Earthbag Dome Living

Well, it’s been 5 months since we moved into our Earthbag dome. So we decided to update you on how we are progressing. Work-wise, (i.e. finish mudding the interior and finishing the exterior) it’s been a really cold and snowy winter, so we haven’t made much progress in these areas. And the soil we’re using for the process, even though it’s under a tarp, is still frozen solid.

But we are happy to report that we haven’t been cold this winter due to the fantastic properties of using scoria in our sandbags. And we are also 3-4 feet below ground level.

Our potbelly stove heats the dome really well, but unfortunately, our Vogelzang Railroad Potbelly Stove is a piece of poorly manufactured junk. If we may rant for a moment… it should be called a “Pot Metal” stove,  made in China. It started to fall apart after the first 3 months. This isn’t a post about the stove, but we feel we should mention the poor craftsmanship for anyone considering buying a Vogelzang stove for themselves… DON’T DO IT!

The Ash Door was the first part to break off at the hinge…

No way to get this welded back together… pot metal.

There is no seal around the Feed Door. We bought a length of fiberglass gasket to cement around the door, but then the door wouldn’t close properly. So we skipped this.

Next item that broke was the Shaker Grate. This broke at the hinge.  So we have it resting over the middle hole.

The first thing we noticed when we used the stove was… a gap between the Feed and Burn Chambers. Seems it wasn’t sealed before being packaged and shipped. Annoying, but it wasn’t critical that a little stove cement couldn’t take care of. Notice the change in color also? Don’t know what that’s all about.

All in all, it heats our dome, and we hope it holds up until Spring. We plan on buying a new stove for next winter, and use this one somewhere else. We don’t recommend this product to anyone. I sent an email to Vogelzang’s customer service and, of course, received no reply. Must be the shame of an inferior product, I guess.

And, we bought this online, so we didn’t have the opportunity to look it over in person… lesson learned.

Okay, enough ranting.

Our solar panel setup is functioning well. We were fortunate enough to find 12 Volt 100 AMP batteries in excellent condition for $45 each. As opposed to spending $250 each. Our set up is simple, but we’ll have to expand when we get the addition two solar panels sometime this year.

We’ve been able to cook using the potbelly stove and our Coleman Camp oven on our Camp Chef Explorer Two-Burner Stove. We acquired another three burner stove with an oven, but we haven’t hooked that up yet until the kitchen is complete.

And eventually we’ll be using Biogas instead of Propane. The Biogas digester will be set up this summer. We’ll keep you posted on this experiment.

My wife has perfected her Batter Bread recipe…

Delicious Oatmeal Raisin Bread! We pulled out the Wheat Grinder and attached it to a makeshift stand to grind our own wheat.

So, after 5 months of living in our Earthbag Dome, we love every minute of it. And it’s only the beginning. Once it warms up, we’ll be able to finish the final coating, plus we’ll have time to build our Pit Greenhouse a few yards away. We got our seed order and plan on having a great garden now that we don’t have to spend the entire summer building the house, like we did last summer. We’ll be building our pit Greenhouse with our own lumber on the property using a chainsaw and an Alaskan Mill… but that’s another post.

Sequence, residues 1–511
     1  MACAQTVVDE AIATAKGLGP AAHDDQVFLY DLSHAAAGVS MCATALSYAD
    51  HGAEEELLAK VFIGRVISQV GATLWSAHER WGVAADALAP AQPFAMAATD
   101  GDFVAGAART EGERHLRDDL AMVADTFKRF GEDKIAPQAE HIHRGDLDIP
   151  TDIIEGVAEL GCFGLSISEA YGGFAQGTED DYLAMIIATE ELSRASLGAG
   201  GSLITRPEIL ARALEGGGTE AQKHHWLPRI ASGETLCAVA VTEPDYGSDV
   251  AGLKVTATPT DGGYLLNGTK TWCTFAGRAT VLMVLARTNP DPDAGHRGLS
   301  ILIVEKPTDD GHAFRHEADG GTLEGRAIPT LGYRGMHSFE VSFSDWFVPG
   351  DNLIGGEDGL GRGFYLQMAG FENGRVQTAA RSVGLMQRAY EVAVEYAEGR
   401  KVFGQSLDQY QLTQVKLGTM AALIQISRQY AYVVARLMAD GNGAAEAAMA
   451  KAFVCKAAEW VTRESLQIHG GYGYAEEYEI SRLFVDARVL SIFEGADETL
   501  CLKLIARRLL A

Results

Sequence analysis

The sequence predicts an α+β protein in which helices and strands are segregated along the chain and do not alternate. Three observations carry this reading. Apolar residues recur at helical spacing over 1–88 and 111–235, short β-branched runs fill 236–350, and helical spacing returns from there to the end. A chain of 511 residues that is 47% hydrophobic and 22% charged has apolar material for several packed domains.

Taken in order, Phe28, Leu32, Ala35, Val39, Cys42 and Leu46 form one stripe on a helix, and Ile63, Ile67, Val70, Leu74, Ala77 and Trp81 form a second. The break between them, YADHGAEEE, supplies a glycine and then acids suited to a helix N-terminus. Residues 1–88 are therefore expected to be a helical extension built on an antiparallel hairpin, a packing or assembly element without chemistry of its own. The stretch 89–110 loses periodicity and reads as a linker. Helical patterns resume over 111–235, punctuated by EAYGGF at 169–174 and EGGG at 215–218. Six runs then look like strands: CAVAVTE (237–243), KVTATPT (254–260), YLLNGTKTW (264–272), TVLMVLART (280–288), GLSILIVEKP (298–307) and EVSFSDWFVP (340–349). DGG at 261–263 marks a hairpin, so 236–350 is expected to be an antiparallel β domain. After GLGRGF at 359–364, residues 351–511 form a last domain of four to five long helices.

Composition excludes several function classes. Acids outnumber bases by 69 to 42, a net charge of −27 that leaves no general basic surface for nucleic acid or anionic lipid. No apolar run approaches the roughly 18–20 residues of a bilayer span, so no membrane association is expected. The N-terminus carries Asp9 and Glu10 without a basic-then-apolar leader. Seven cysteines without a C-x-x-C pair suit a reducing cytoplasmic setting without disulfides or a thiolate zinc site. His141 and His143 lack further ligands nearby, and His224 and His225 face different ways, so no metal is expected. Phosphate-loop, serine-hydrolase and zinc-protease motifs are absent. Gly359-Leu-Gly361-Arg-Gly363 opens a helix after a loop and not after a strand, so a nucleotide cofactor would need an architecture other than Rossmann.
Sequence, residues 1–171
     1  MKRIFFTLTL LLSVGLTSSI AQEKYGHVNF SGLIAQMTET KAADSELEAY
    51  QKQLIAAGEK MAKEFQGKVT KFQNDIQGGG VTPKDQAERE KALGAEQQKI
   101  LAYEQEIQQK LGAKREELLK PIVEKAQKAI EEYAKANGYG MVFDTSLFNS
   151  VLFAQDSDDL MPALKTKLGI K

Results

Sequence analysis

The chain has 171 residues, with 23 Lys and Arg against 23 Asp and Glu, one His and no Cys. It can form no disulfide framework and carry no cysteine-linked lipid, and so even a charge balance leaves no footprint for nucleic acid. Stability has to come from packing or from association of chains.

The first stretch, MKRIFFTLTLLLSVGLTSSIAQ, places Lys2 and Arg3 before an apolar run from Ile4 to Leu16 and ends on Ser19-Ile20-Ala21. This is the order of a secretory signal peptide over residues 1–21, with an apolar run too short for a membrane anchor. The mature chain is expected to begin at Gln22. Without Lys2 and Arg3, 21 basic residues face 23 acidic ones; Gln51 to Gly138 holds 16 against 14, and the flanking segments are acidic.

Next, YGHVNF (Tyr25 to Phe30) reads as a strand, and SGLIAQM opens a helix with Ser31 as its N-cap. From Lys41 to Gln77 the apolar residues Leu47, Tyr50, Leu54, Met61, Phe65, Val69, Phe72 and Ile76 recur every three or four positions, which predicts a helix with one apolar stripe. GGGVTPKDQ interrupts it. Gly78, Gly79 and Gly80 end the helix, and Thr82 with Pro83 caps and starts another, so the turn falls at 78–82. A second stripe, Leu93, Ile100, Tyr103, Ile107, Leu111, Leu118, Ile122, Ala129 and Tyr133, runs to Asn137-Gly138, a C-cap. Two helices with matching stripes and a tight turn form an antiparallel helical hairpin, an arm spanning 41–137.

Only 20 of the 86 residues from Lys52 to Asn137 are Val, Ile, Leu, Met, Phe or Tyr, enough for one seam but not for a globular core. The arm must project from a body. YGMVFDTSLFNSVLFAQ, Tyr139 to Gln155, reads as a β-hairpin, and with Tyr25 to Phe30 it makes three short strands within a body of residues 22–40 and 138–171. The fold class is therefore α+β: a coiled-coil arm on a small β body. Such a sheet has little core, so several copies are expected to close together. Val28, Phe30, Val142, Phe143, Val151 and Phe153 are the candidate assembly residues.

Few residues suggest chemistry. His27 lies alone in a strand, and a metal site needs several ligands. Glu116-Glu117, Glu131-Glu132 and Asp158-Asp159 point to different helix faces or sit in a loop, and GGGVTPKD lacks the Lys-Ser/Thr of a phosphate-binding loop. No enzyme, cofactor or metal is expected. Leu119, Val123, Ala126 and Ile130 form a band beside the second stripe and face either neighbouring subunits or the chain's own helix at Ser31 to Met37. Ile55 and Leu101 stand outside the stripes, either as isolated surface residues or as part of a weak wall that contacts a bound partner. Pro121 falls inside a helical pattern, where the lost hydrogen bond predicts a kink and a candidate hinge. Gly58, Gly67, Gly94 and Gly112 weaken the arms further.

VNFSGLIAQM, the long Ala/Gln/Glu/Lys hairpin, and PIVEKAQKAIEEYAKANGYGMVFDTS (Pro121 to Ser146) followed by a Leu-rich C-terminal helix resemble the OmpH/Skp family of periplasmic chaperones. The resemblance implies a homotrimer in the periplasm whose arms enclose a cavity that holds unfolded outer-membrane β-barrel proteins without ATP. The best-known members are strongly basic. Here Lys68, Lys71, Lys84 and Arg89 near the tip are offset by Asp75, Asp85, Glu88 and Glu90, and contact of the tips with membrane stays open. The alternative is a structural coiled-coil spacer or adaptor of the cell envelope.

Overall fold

15 thoughts on “Earthbag Dome Living

  1. This is so very exciting to read, as I’m in the beginning stages of planning my own earthbag dome house, and I too will be using scoria as I live near a volcano and it’s plentiful here.

    Just curious – what part of the world do you live in?

    • How exciting… looking at your photos brought back memories for us. We live in Montana. We added your blog to our blogroll so people can keep up on your progress. If you have any questions, let us know. Good Luck!

      • Hi there,

        I’m on my way to Montana this summer, I have family near Belt. I’m curious as to building codes in Montana for earthbag structures. I’ve been digging around the web trying to find a definite answer but it’s been somewhat confusing. Anyhow hope all is going great with your homestead and if you know of any sites that I can check about codes please pass them on.

        Best Wishes,

      • Dear Joe, thanks for reminding us… we were just asking ourselves this morning… “Why did we move to Montana?” And one of the reasons was… No building codes outside city limits… except septic which has to be approved by a county dude. But outhouses are FREE! 🙂

  2. I’ve just recently discovered your blog and I am quite impressed. You certainly have done a lot of work. I glad to hear you are happy with your results so far.
    My wife ( and I are also earthbag builders and are chomping at the bit to get back outside and finish our dome home.
    Too bad that wood stove didn’t work out for you. We will be using a rocket mass heater for the bulk of our heating needs. Have you heard of rocket stoves? It might be worth checking out before you make another investment. Rocket stoves are an easy DIY project that are super cheap or even free if your a good scavenger.